The United States is currently suffering from "a capital-starved economy," syndicated columnist Donald Lambro told George Washington University students Wednesday. "We're in for a very long period of very high unemployment."
"Government stimulus programs have never worked and they're not going to work now," Lambro said in his presentation at the "Barack Obama: Epic Fail Teach-In" sponsored by the GWU chapter of Young America's Foundation and the David Horowitz Freedom Center.
Lambro joined Christopher Horner of the Competitive Enterprise Institute and Jonah Goldberg of National Review at Wednesday's event.
Horner, author of Red Hot Lies: How Global Warming Alarmists Use Threats, Fraud, and Deception to Keep You Misinformed, addressed the Obama administration's climate-change policies.
Environmentalists are attempting to use government power to create an artificial scarcity of energy in order to exercise control over citizens, Horner told students.
"The issue isn't really the issue" when debating global-warming alarmists, said Horner, noting the "social justice" rationale voiced by former Obama administration official Van Jones. Horner also discussed the "ClimateGate" revelations indicating scientists had manipulated data to hide evidence contradicting their theory that carbon dioxide emissions have produced a dramatic increase in worldwide temperatures.
Goldberg, author of Liberal Fascism: The Secret History of the American Left, From Mussolini to the Politics of Change, addressed the Obama administration's foreign policy.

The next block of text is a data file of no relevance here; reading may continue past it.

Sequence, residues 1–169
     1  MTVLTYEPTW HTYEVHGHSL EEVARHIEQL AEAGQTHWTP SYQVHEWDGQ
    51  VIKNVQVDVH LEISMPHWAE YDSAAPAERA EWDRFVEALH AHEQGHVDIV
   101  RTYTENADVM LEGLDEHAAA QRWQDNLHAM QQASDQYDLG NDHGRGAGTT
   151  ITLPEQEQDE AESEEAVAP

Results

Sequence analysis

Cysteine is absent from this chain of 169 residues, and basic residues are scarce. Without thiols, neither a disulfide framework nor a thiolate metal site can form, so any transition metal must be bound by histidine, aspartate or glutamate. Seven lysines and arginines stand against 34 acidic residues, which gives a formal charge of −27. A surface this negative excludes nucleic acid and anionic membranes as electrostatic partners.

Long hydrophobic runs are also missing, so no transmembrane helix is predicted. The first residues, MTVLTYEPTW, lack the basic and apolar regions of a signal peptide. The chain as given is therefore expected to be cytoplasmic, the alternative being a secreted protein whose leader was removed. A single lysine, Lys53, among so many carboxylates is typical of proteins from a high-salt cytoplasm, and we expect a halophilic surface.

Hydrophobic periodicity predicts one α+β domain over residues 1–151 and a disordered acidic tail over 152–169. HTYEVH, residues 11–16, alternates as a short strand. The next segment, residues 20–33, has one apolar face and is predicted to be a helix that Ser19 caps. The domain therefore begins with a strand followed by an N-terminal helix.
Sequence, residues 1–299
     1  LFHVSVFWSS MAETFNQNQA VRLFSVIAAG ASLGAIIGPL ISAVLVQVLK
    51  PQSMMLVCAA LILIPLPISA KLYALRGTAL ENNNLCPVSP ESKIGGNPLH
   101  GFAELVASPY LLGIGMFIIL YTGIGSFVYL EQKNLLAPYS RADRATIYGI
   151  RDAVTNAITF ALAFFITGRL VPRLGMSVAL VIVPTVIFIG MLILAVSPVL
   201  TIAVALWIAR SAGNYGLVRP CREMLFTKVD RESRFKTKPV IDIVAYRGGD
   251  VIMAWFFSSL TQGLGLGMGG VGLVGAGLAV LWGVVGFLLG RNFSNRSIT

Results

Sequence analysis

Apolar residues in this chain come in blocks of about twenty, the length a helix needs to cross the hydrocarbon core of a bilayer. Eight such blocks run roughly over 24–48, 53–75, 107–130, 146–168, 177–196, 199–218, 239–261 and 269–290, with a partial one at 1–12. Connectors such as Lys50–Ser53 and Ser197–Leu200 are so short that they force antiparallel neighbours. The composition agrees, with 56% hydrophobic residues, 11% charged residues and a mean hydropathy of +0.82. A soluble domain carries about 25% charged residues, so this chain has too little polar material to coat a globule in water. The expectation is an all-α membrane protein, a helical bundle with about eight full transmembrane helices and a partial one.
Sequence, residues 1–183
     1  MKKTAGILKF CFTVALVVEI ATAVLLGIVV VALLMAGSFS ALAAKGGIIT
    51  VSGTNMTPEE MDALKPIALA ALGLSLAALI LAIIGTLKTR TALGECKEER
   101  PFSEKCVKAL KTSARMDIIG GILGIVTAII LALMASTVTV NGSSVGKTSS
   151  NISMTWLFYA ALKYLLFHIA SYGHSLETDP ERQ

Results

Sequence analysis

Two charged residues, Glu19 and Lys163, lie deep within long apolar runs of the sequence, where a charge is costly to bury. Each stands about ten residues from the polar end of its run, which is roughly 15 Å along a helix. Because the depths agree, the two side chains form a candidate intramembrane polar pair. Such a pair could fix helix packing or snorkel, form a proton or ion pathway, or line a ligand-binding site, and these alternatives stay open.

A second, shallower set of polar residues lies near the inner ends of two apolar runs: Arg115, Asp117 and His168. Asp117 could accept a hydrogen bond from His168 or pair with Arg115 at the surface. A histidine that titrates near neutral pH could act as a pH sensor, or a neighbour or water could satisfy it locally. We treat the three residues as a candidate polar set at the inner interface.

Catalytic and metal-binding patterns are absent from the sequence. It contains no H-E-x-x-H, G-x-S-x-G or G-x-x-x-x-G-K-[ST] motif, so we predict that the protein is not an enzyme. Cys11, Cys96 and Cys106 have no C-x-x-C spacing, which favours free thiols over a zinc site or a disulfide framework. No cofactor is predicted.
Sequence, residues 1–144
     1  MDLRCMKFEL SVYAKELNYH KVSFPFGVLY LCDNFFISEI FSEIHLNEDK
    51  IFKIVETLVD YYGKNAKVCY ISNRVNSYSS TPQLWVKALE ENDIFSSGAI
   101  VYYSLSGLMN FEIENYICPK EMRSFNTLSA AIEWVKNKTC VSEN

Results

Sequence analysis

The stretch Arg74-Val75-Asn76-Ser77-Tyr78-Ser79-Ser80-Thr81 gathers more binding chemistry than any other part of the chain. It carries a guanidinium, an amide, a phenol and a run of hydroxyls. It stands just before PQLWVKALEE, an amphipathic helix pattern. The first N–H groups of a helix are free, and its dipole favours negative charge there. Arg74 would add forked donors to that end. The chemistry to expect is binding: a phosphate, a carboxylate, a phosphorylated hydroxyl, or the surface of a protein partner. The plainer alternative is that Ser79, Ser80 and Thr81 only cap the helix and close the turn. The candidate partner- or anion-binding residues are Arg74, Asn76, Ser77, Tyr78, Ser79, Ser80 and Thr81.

Goldberg referred to a recent analysis by Walter Russell Mead that compared Obama's policies to those of Jimmy Carter, and said that President Obama is "essentially isolationist" in his foreign policy, preferring to focus on his dometic agenda.
One of the biggest foreign-policy controversies of Obama's presidency has been the effort to provide accused foreign terrorists like Khalid Sheik Mohammed with criminal trials in U.S. courts, Goldberg observed. That effort is about "empowering lawyers," which is something Obama "truly believes in," Goldberg said.
Asked about the administration's refusal to support Great Britain in its dispute with Argentina over Falkland Islands oil rights, Goldberg said "Obama doesn't like the British" -- a resentment that some critics have suggested reflects the influence of the president's Kenyan father and grandfather.
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